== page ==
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Whether you’ve just invented the next revolutionary food product or have a hotel to house competitors for the College World Series, you can form a Nebraska LLC to insulate your personal assets from any claims levied against your business.

4 EASY STEPS TO A NEBRASKA LLC

1) Name the LLC

Nebraska requires that all LLCs have one of the following in their name: “limited liability company,” “limited company,” “L.L.C.,” “L.C.,” “LLC,” or “LC.” For the full designators, “company” can be abbreviated “co.” and “limited” can be abbreviated “ltd.” Additionally, the name cannot be similar to any other business entity that is organized, incorporated, or authorized to do business in Nebraska.

2) File the Certificate of Organization

The certificate of organization is the document that will register your LLC with the Secretary of State. This is submitted with a $100 filing fee and must contain the name of the LLC, the address of the initial designated office, the name and address of the registered agent, and any other provisions the organizer includes.

3) Draft the Articles of Organization

Nebraska law says that every LLC by default has an operating agreement that is written, oral, or implied, and does not need to be referred to as an operating agreement. This agreement will determine how the internal affairs and business of the LLC are conducted, so it is recommended that you have all members of the LLC execute a written operating agreement.

4) Maintain Your Status

EIN: Any Nebraska LLC with multiple members or employees will need to obtain an Employer Identification Number for tax returns, either through an incorporation service or directly from the I.R.S. itself.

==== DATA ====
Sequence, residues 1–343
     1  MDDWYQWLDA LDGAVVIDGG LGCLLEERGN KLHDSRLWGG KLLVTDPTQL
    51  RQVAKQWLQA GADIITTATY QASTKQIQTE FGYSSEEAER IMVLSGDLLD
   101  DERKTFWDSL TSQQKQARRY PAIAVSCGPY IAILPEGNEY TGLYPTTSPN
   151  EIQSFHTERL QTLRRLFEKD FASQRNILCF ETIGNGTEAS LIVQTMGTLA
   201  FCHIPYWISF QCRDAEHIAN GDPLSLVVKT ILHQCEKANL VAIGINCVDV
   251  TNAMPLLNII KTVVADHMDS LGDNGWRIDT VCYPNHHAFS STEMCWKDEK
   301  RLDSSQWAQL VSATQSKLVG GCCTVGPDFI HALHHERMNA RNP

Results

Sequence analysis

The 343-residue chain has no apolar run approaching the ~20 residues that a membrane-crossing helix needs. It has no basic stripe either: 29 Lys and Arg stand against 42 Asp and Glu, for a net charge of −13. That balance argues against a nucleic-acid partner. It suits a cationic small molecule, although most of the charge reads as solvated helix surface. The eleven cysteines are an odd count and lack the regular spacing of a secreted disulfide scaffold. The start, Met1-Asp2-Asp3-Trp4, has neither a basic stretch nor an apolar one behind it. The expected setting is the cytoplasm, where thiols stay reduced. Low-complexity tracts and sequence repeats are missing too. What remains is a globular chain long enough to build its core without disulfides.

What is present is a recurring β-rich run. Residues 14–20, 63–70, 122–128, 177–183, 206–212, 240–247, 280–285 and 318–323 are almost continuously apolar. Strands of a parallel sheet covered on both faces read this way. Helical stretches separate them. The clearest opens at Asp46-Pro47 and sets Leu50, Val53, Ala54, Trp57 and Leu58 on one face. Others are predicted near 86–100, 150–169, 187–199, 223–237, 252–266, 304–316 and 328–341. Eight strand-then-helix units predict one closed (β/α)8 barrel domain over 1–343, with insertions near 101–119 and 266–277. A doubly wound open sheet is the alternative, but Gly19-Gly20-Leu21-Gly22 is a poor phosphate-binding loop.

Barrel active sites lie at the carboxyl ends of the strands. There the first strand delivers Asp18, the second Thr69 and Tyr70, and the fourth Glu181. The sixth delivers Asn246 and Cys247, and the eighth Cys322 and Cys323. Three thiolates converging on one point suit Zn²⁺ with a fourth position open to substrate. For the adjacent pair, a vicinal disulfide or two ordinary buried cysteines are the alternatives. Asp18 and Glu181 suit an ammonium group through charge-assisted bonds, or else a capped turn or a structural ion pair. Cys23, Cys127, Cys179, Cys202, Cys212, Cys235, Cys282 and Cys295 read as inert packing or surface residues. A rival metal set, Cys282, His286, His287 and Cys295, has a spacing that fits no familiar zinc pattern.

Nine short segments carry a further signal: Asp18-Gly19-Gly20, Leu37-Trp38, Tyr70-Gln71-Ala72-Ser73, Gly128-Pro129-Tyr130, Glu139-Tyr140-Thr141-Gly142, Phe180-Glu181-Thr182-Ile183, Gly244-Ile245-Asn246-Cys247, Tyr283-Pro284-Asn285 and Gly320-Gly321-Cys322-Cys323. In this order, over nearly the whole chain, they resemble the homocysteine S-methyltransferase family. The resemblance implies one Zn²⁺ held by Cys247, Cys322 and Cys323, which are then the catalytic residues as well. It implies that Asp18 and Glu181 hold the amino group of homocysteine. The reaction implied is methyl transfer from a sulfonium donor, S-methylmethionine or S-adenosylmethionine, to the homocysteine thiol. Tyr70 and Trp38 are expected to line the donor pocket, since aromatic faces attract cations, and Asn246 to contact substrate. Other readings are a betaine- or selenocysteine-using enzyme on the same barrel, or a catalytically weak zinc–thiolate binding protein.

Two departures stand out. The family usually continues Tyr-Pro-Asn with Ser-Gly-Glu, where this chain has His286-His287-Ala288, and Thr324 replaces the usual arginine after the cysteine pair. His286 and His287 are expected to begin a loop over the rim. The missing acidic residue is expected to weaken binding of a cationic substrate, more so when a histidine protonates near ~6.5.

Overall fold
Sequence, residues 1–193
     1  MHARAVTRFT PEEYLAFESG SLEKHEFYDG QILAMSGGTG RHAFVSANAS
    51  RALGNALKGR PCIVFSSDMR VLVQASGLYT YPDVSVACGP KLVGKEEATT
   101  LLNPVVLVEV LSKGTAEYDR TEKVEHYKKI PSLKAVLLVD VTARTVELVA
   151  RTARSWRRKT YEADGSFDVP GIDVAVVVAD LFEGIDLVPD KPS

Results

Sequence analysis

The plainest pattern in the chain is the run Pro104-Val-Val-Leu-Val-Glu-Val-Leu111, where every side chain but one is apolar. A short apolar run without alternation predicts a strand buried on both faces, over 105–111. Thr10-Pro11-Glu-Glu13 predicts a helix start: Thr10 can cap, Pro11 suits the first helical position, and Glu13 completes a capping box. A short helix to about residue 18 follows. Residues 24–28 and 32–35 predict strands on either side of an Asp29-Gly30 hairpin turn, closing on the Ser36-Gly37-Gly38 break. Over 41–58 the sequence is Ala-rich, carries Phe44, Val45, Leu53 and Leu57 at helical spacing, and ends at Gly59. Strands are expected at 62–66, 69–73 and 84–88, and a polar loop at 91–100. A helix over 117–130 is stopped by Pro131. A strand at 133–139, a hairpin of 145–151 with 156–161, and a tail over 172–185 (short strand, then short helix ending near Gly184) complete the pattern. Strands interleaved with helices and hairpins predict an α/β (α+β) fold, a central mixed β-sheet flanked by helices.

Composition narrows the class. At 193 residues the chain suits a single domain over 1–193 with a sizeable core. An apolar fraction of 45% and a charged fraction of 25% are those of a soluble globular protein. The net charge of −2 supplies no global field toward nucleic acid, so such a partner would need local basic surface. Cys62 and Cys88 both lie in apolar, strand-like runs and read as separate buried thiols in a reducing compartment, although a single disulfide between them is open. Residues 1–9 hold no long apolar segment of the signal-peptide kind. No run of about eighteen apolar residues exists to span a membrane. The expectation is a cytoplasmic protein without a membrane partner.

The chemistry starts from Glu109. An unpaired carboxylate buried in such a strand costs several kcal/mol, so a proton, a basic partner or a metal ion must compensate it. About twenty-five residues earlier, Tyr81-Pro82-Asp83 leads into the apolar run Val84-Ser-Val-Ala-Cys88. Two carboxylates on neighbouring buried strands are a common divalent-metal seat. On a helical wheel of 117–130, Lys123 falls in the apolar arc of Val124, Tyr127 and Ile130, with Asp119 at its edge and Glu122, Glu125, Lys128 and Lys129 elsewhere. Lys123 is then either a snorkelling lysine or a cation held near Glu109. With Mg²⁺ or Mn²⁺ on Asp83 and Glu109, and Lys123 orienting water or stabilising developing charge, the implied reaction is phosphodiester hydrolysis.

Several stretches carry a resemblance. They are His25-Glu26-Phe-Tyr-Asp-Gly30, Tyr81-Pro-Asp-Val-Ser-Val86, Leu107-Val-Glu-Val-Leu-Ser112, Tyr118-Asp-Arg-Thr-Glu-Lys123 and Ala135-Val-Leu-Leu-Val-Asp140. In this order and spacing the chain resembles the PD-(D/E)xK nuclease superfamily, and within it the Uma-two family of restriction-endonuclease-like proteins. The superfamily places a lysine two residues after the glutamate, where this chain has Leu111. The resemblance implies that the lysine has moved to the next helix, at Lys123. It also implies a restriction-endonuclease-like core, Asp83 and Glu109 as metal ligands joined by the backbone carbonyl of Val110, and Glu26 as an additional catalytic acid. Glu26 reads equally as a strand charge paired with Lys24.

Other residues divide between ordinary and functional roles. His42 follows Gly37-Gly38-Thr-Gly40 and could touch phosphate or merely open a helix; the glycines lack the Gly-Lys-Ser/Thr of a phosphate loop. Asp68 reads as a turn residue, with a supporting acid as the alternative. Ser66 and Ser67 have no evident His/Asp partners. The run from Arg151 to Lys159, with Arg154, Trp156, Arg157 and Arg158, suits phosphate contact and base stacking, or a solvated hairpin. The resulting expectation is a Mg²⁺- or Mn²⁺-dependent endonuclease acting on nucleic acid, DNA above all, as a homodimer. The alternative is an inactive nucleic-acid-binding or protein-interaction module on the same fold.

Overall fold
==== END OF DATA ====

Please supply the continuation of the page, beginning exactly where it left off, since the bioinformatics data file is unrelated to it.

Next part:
Biennial Report: Every odd-numbered year, Nebraska LLCs must file a biennial report with the Secretary of State. This biennial report must contain the name of the LLC, the address of the designated office and the name and address of the registered agent, and the address of the LLC’s principal office. There is no fee for this filing.

WHY FORM AN LLC IN NEBRASKA?

The Benefits and Advantages of Creating a Nebraska LLC

Introduction

Nebraska Has a Growing Economy

Each year, Nebraska forms over 4,000 new LLCs.  Nebraska has over 28,000 active LLCs.  The U.S. Chamber of Commerce ranks Nebraska first for having the best tax environment for new firms, and as the ninth best tax environment for mature firms.  It also ranks Nebraska as sixth for overall taxes and regulation, and sixth for productivity growth.

Advantages of Forming a Nebraska LLC

The Nebraska LLC Act provides for an LLC’s unlimited life.  Section 21-104 states an LLC has a perpetual duration.  An LLC’s existence can therefore outlive its members’ lifetimes.

Dealing with Business Partners

The Nebraska LLC Act gives members contractual freedom to customize the duties each party to the LLC agreement owes to the other parties.  Sections 21-110 and 21-138 provide default rules that members and managers owe limited fiduciary duties of care and loyalty.  The duty of care requires members and managers to “act with the care that a person in a like position would reasonably exercise under similar circumstances and in a manner the member reasonably believes to be in the best interests of the company.”  The duty of loyalty requires members and managers to not compete with the LLC, use the LLC’s property for personal use, deal with the LLC on behalf of people with interests that are adverse to the LLC, or usurp any of the LLC’s business opportunities.

But the Act gives members and managers contractual freedom to “opt out” of most of the default rules.  Section 21-110 provides that although an LLC agreement may not completely eliminate the duty of loyalty or the duty of care, it may narrow them if not manifestly unreasonable.  For example, an LLC agreement may (1) identify specific types or categories of activities that do not violate the duty of loyalty; (2) alter the duty of care, except to authorize intentional misconduct or knowing violation of law; or (3) alter any other fiduciary duty.